Why Christopher Nolan Didn't Want To Direct 'Blade Runner 2049'

Read any Christopher Nolan interview and he'll probably go on at length about how big an influence Blade Runner plays on his films. Shades of Ridley Scott's seminal sci-fi classic can be found in everything from his superhero starter film Batman Begins to his ambitious and cerebral Interstellar.

Nolan's love for the 1982 film (he's watched it over 100 times!) fed into the rumor that he was up to direct the Blade Runner sequel when it was first announced in 2012. But those rumors soon fell by the wayside when director Denis Villeneuve stepped up to the plate, delivering 2017's stunning and audacious Blade Runner 2049. Nolan released Dunkirk last year instead. But don't go thinking about "what might have been." Apparently, Nolan would never want to direct a Blade Runner movie if he could help it.

As with many a Nolan interview, the recent Los Angeles Times interview with the director as he embarks on his awards-season press tour for Dunkirk brought up his ardor for Blade Runner. But this time, the question had a bit more weight to it thanks to the critical acclaim of Blade Runner 2049 and its subsequent box office disappointment. If Nolan had done things differently, could we have seen him in the director's chair for a Blade Runner sequel? No, Nolan answered resoundly:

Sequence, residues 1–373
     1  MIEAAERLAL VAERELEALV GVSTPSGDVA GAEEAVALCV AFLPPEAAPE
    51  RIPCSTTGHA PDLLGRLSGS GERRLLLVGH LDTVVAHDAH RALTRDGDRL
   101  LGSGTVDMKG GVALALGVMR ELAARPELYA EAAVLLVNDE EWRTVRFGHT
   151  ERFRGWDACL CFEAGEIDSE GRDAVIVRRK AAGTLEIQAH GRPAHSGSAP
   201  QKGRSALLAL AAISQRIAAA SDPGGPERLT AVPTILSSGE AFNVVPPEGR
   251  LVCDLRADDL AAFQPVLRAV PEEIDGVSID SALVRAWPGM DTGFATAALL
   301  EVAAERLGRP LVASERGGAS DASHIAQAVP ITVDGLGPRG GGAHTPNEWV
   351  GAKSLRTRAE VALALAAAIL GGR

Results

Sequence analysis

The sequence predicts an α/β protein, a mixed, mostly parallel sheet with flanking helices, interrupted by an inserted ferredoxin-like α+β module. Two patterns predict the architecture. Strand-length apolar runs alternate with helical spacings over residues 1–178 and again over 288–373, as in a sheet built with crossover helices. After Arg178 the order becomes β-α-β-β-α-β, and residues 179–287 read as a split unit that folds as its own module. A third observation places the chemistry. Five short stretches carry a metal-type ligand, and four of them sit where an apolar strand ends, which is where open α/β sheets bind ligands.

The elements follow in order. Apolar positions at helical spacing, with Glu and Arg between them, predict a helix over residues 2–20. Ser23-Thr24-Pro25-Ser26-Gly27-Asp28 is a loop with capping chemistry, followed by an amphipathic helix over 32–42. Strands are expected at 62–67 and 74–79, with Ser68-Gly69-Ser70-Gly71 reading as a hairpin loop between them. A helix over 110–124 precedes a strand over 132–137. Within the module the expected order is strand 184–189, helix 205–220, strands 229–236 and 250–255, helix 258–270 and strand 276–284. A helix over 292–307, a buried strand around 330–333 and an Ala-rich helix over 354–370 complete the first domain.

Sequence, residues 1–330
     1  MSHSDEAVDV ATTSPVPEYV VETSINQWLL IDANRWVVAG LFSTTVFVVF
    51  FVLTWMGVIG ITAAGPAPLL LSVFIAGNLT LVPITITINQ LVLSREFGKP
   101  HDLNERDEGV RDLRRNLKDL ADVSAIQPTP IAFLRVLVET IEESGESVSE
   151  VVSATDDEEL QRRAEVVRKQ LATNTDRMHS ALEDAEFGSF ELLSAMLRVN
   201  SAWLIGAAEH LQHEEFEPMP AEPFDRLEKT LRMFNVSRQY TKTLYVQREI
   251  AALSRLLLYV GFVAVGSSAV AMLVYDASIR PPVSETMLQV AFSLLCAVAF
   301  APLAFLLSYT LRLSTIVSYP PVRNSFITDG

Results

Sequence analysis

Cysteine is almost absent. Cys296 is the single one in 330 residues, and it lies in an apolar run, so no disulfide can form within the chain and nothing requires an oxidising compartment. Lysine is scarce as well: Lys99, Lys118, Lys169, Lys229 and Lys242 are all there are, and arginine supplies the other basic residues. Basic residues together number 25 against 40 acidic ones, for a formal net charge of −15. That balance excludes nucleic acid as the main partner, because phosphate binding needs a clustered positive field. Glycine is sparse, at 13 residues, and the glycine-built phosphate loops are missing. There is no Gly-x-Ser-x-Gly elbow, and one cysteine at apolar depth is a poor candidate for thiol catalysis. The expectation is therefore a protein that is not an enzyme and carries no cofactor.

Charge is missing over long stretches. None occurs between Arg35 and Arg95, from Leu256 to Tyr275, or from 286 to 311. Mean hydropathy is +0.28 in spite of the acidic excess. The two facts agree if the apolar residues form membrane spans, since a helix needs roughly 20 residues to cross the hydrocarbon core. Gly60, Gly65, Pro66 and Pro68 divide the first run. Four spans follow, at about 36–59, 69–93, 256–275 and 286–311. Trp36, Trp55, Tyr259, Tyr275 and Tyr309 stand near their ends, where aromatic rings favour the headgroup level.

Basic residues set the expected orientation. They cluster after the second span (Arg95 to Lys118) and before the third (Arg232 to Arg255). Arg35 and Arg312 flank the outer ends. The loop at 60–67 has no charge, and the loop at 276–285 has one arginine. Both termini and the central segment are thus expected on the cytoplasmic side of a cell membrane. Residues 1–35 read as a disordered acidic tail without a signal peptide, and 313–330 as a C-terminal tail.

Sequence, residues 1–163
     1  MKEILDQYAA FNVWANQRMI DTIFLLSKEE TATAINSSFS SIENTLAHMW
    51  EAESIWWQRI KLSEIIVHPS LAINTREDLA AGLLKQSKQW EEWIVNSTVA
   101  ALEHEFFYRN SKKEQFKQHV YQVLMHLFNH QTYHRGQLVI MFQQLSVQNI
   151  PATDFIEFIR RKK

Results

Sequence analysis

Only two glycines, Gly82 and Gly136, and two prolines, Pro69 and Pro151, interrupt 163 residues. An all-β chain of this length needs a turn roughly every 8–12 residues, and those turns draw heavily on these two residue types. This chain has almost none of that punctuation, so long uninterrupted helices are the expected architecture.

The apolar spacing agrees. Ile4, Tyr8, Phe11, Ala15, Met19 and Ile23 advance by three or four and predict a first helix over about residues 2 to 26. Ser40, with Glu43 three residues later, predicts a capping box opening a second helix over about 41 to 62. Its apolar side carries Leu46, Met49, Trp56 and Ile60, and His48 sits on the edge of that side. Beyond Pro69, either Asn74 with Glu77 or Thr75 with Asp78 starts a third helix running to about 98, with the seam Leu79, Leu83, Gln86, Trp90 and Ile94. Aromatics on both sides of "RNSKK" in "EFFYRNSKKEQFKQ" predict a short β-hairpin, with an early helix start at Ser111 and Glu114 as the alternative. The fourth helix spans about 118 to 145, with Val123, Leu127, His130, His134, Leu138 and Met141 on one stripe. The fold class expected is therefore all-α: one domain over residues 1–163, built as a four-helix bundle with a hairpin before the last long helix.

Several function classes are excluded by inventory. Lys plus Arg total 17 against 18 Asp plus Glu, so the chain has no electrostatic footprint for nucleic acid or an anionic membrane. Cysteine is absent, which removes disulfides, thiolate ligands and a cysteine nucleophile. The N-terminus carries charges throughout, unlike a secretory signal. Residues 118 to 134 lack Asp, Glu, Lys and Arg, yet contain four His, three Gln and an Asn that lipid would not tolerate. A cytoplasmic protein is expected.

"There are a lot of movies that are on such a pedestal that to try and either remake them or follow them up would be too tricky. I have to find a way around things. So, like, 'Interstellar' is very much, as people would say, in dialogue with '2001 [A Space Odyssey].' You have to find your own way around."

As much as he adores Blade Runner, it casts such a large shadow that Nolan could never direct a sequel to it in the way that he would want, he says. This makes sense — other than the Batman movies, Nolan has made an emphatic choice to direct only original films. It's what makes him one of Warner Bros.' most successful directors today, and a refreshing change of pace in a movie industry increasingly bogged down by franchises and sequels.

But that doesn't mean that Nolan had any ill will towards Villeneuve's Blade Runner 2049. Quite the opposite in fact:

"[Blade Runner 2049] was a real pleasure. I love [director] Denis [Villeneuve]. He bravely took on what he referred to as a suicide mission, following such a huge film that I was such a fan of. I thought he did a great job. Those guys really went for it. You have to admire that."

So basically, don't expect a Nolan Blade Runner sequel any time soon. You'll just have to make do with the director raving about how often he watches the movie (did I mention it was over 100 times?).